Making performance management work harder
‘Are you ready for your performance review?’
The answer to that question will nearly always be ‘No’. Your team members can’t prepare if they didn’t know what you as their manager expected of them (and up to 50 percent, don’t according to one survey). They may be emotionally unprepared too, especially if the review results in them being blindsided by unexpected criticism.
It is also common for managers to be unprepared. That’s because they will need to have built an objective picture of performance, but it is tough to do that when juggling other responsibilities. Furthermore, managers who don’t have HR experience may be nervous about giving negative feedback and how that affects employees’ rights.
It’s no wonder, then, that performance reviews can be awkward. Here’s how to make them work for you, your people and your organisation.
Keep calm and make a performance management plan
As with many tasks that fill you with dread, the trick is to step away from the emotion and make a plan. As a manager, you’ll be familiar with SMART goals – specific, measurable, achievable, relevant and time-bound – and with some tweaks, these can be applied to performance management.
Employees will benefit straight away because when they are clear about what’s expected of them, they know what to work towards and where to focus their effort.
Managers benefit,too. When team members are clear what they’re doing and what ‘good’ looks like, managers can take a step back and focus on their own priorities.
Being smart about SMART
It’s true that SMART goals work for people as well as projects, but people have opinions, personalities and lives outside the office, so it’s essential to work with your people to agree SMART goals that work for them.
Here are some tips for working with team members to get SMART performance management off the ground.
Step 1. Assess priorities
The first step is to understand each team member’s priorities. The good news is that this is a collaborative task and one you may well have a handle on. Check in on each team member’s projects, and note down the problems, solutions and next steps.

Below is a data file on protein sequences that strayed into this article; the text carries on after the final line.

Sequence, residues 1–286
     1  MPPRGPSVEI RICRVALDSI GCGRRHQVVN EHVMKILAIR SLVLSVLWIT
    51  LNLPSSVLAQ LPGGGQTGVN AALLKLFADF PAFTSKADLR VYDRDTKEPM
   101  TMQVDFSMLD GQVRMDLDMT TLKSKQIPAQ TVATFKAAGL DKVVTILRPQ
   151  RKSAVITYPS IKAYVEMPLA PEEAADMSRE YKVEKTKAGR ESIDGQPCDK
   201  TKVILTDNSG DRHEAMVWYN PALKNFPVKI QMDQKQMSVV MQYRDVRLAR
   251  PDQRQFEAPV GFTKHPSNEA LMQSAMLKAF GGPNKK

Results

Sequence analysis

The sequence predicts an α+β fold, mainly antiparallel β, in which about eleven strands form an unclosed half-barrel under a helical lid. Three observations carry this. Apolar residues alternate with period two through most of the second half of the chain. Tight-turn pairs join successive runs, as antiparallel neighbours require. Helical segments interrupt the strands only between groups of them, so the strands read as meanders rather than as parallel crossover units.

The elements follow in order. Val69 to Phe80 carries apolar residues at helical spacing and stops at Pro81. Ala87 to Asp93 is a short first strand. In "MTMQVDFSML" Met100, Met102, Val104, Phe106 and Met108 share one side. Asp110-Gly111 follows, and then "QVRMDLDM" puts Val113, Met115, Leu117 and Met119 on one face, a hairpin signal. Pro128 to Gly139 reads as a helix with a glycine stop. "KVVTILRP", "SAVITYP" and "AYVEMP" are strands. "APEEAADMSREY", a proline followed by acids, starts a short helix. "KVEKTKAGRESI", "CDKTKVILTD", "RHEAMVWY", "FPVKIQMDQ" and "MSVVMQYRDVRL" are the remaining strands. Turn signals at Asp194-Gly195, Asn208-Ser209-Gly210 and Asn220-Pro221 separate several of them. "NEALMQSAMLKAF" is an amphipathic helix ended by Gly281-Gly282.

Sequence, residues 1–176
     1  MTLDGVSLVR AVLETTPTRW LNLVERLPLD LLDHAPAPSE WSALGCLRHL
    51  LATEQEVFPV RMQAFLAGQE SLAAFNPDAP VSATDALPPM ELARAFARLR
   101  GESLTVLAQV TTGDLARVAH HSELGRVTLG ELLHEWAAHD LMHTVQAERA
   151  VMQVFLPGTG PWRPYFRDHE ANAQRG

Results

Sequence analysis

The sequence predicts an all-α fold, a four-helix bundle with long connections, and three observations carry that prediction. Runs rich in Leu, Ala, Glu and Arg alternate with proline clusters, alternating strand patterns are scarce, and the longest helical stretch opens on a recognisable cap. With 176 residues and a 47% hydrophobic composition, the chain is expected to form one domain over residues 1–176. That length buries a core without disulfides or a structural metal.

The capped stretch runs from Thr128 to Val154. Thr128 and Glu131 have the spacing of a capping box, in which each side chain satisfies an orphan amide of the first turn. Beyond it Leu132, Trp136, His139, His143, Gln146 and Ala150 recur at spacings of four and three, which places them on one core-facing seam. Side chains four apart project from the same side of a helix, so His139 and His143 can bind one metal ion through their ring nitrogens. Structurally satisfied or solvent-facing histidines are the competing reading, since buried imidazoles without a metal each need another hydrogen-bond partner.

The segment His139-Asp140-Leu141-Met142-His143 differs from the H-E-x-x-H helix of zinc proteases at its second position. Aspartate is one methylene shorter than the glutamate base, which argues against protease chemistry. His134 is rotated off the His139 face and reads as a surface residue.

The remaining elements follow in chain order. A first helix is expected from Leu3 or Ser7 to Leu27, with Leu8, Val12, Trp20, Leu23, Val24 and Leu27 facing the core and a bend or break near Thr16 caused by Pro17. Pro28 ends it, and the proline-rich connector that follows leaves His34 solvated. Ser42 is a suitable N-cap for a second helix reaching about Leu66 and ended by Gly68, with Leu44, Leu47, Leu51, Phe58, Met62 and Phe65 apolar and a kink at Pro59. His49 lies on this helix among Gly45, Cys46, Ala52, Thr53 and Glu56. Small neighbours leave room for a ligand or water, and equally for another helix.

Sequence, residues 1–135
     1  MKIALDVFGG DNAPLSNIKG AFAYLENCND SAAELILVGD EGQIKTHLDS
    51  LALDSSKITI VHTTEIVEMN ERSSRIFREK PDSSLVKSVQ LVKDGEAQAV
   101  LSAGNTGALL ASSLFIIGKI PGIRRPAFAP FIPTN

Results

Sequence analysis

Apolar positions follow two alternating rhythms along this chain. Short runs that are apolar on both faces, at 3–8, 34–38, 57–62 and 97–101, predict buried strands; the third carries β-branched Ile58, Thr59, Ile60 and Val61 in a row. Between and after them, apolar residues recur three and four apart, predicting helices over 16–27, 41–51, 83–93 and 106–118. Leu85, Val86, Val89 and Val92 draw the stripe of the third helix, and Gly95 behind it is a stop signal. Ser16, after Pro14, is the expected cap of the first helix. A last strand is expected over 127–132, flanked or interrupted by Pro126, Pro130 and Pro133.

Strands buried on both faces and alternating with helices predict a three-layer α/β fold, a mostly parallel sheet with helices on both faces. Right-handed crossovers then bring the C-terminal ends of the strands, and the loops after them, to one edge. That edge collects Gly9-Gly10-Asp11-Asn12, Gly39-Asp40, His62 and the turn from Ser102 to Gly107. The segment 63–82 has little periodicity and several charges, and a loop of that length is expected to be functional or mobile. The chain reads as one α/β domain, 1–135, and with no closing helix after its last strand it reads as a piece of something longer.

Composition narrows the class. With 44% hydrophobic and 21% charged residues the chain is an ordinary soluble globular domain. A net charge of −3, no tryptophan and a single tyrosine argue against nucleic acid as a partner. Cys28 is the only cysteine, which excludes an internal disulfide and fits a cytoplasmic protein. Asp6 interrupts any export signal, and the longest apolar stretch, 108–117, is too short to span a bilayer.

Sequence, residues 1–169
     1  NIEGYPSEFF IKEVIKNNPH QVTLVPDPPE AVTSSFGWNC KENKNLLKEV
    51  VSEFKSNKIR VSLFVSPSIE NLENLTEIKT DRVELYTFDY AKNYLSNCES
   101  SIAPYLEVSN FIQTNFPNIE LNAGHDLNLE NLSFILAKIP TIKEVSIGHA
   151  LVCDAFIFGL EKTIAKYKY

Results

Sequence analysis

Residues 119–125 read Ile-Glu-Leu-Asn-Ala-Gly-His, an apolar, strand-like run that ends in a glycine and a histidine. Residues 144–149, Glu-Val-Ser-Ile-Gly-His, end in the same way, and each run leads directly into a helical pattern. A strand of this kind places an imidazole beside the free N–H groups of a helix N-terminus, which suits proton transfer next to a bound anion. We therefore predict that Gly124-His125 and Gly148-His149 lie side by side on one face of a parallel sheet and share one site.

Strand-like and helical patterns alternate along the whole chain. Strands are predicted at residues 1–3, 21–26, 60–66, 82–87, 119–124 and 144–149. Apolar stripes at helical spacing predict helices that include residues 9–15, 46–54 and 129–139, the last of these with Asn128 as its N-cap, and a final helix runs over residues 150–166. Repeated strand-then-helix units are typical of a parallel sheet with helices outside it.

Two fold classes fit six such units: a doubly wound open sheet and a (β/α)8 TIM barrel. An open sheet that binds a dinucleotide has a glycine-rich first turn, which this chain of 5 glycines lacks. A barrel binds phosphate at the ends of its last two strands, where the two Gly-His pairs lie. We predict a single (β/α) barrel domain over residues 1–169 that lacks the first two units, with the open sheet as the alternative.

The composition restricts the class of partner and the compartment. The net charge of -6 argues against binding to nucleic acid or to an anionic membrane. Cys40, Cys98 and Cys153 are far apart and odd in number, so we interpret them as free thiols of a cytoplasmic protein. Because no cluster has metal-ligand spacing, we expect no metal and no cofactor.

Once you can see the big picture, then start to explore the detail.
Example: William, a learning designer, has one main priority at the moment: he needs to kick off a new learning programme. It’s a challenge because some of the stakeholders are hard to track down, but he has set up a meeting with them all next month.
Step 2. Explore personal goals
Now focus on the person. What does the team member want to achieve and why? What skills do they want to build? Here’s where you start to map those aspirations onto current projects.
Example: William wants to move into a more strategic role, so there’s potential for him to step up on the new learning programme. He’ll have support from his mentor as well as you.
Step 3. Make them SMART
Not it is time to turn aspirations into practical steps. A goal such as, ‘Kick off the next learning programme’ is too vague – and too big – to be acted upon. Focus on the actual steps that need to happen and make sure they are SMART.
Example: Here’s the SMART goal you agree with William: he will give a 10-minute presentation on the plan for the new learning programme at the L&D meeting next month. The presentation needs to include the target audience and a timescale for rolling the programme out.
Step 4. Make an action plan
It is essential that employees take ownership of their goals, so here’s where an action plan can help. Ask them to map out the steps they will need to take to achieve their SMART goals and, if possible, add a timeline to keep things moving forward.
Having this in place will give you and your team members instant access to the right information whenever any of you need to check in on progress.